Anna-Mary Conklin and her husband Verner are an exceedingly wealthy American couple and the stars of Come into the Garden Maud. While Anna-Mary, a social-aspirant, is nervously throwing a dinner-party offstage to entertain a prince she wants to impress, Verner – who cares little for the niceties of society life – gets along very well with the aristocratic, but down-to-earth, Maud Caragnani – very well indeed.

Conversation Piece

Bloomsbury Publishing
Type: Text

Set in the decades after the French Revolution, Conversation Piece tells the story of Paul, Duc de Chaucigny-Varennes, who has come to Brighton to escape the terrors in France. In his company is Melanie, a dance hall singer whom Paul passes off as his ward and the offspring of his murdered friend. He hopes to marry her off to a member of Brightonian high society; she, however, has other plans and, with the help of her suitor Edward, tries to outmanoeuvre Lady Julia Charteris, in the hope of getting her heart’s desires.

Writing about the original production, the Daily Telegraph said: ‘It was a big occasion before ever the curtain rose . . . It became a great one as soon as Yvonne Printemps appeared . . . Mr Coward shares her triumph. Or, rather, since he is author, composer, producer and chief male actor in this brilliant show, he enjoys a separate triumph all to himself.'

Conversation Piece, a musical comedy, was first performed at His Majesty’s Theatre, London, in 1934.

audio Design For Living

LA Theatre Works
Type: Audio

Three terminally stylish friends, who share rivalrous affections, attempt to uncoil their twisted love triangle in this sexy and scandalous gem. Written in 1932, the play was deemed extremely daring, and even by today’s standards is considered controversial. In its frank and funny take on sex, love and commitment, Design for Living proves to be one of Coward’s greatest successes.

An L.A. Theatre Works full-cast performance featuring Michelle Arthur, Claire Forlani, Thomas Hildreth, Tim Morrison, Sarah Rafferty, Douglas Weston and Hamish Linklater.

Featuring: Michelle Arthur, Claire Forlani, Thomas Hildreth, Tim Morrison, Sarah Rafferty, Douglas Weston, Hamish Linklater

Easy Virtue

Bloomsbury Publishing
Type: Text

In Easy Virtue, John Whittaker brings home his new wife for the first time. Some years older than her husband, Larita is a woman of class, beauty and experience, with a worldview, we find, in stark contrast to the single-minded morality of her new sisters- and mother-in-law.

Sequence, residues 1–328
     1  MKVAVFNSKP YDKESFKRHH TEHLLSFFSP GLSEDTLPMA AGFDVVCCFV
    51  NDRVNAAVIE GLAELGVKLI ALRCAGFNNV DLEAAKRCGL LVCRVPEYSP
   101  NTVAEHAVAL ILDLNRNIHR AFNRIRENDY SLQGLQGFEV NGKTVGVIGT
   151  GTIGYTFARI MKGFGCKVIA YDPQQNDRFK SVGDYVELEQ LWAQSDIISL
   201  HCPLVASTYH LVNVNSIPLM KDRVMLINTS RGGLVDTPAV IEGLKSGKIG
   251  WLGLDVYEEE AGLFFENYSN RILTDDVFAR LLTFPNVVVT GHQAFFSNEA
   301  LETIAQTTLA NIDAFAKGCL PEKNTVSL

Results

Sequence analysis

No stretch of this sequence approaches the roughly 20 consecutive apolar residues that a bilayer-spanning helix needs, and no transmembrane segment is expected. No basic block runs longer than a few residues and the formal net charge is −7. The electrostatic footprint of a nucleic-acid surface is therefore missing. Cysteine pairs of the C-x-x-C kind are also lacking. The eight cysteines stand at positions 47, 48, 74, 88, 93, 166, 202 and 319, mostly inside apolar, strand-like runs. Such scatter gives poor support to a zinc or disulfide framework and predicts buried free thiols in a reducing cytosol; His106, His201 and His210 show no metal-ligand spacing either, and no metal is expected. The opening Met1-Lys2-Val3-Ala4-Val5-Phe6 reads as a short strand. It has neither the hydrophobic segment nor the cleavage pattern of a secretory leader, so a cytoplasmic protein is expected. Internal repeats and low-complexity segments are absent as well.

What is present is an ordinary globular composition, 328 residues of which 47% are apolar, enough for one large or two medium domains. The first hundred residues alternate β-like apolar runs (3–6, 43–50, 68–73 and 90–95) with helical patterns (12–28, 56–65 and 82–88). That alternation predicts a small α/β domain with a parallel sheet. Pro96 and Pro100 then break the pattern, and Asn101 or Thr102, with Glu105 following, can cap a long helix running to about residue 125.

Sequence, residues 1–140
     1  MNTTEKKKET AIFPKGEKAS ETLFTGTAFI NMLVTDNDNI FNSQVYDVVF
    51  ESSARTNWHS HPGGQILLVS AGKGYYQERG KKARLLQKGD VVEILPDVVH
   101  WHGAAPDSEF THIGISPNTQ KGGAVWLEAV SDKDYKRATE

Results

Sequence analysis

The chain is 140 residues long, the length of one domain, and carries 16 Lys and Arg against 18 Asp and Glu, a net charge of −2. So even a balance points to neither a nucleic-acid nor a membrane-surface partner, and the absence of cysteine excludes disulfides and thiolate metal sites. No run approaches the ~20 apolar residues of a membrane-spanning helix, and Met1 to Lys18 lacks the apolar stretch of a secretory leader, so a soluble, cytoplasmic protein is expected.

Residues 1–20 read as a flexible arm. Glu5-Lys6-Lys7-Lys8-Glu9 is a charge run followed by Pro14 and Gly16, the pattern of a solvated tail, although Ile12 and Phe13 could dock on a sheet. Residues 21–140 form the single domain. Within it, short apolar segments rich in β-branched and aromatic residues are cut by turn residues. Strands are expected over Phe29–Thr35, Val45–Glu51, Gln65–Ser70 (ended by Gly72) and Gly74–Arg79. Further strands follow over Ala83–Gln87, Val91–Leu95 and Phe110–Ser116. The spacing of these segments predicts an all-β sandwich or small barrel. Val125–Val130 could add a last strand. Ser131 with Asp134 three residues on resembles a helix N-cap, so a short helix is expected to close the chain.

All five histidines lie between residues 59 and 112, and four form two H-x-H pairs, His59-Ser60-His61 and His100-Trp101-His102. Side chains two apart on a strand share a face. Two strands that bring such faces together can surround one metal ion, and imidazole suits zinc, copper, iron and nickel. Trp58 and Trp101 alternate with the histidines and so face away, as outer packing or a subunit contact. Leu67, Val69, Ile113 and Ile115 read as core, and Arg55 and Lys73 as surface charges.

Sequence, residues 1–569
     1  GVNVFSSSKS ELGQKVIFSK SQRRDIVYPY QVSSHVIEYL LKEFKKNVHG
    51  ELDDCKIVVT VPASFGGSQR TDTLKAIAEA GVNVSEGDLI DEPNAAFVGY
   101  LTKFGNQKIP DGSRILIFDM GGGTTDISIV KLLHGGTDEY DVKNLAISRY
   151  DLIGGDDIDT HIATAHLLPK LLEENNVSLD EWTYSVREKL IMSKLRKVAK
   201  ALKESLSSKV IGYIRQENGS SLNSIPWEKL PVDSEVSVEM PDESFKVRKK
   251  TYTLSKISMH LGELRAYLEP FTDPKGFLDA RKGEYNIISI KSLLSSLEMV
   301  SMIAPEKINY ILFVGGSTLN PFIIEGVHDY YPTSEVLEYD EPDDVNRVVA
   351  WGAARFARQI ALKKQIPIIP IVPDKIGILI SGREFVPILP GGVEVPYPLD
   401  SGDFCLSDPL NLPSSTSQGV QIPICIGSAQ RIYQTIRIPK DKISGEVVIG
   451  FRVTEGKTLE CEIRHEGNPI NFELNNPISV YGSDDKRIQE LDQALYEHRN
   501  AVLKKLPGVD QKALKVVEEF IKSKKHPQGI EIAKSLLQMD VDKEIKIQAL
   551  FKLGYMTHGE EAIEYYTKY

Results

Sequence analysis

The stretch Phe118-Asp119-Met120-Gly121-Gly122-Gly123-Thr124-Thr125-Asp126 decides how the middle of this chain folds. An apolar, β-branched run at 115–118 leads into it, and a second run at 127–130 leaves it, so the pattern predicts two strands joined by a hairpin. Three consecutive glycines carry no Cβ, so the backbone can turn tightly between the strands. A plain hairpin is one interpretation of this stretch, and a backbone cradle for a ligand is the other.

At first a tense truce reigns, but after a summer of boredom and mental lassitude, Larita is confronted with the facts of her past: scandalous according to her outraged in-laws; but mere truth to Larita, who refuses to be brow-beaten into hypocrisy by the priggish social system of her new relations.

In the introduction to Coward’s Collected Plays: One Sheridan Morley wrote: “Easy Virtue is essentially The Second Mrs Tanqueray brought up to date... What is intriguing about the play, apart from the light it throws on Coward as a craftsman working from the models of his immediate theatrical and social past, is the way it mocks the conventions, prejudices and complacencies of its period while remaining well inside the drawing-room barricades. No writer of Noël’s generation ever went more directly to the jugular of that moralistic, tight-lipped but fundamentally Twenties society.”

Easy Virtue was first performed in New York in 1926.

Fallen Angels

Bloomsbury Publishing
Type: Text

Fallen Angels is a biting, hilarious comedy about the rivalry between two bored married women as they await the arrival of their exotic former lover. Dramatising female sexual desire and frustration, the play’s first performances in 1925 outraged the critics, who proclaimed it to be shocking and obscene.

As Jane and Julia’s lacklustre husbands set off for a golfing weekend, a postcard arrives announcing the imminent visit of the dashing Maurice. This sets in play an evening of drunkenness and fevered anticipation, as Jane and Julia wait for dinner with their guest, and former lover. Host to hilarious interchanges and brilliant slapstick, the scenes also radically question female friendship, rivalry and sexual behaviour. What will happen when Maurice arrives? Can Jane and Julia’s relationship actually be maintained, as they claim?

Rather than insulting British womanhood (as its scandalised opponents asserted) Coward’s sharp, entertaining script incisively draws attention to male sexual hypocrisy, while probing the vacuous lives of the play's privileged protagonists.

Picture of Noël Coward

Noël Coward was born in 1899 in Teddington, Middlesex. He made his name as a playwright with The Vortex (1924), in which he also appeared. His numerous other successful plays included Fallen Angels (1925), Hay Fever (1925), Private Lives (1933), Design for Living (1933) and Blithe Spirit (1941). During the war he wrote screenplays such as Brief Encounter (1944) and In Which We Serve (1942).

In the fifties he began a new career as a cabaret entertainer. He published volumes of verse and a novel (Pomp and Circumstance, 1960), two volumes of autobiography and four volumes of short stories: To Step Aside (1939), Star Quality (1951), Pretty Polly Barlow (1964) and Bon Voyage (1967). He was knighted in 1970 and died three years later in Jamaica.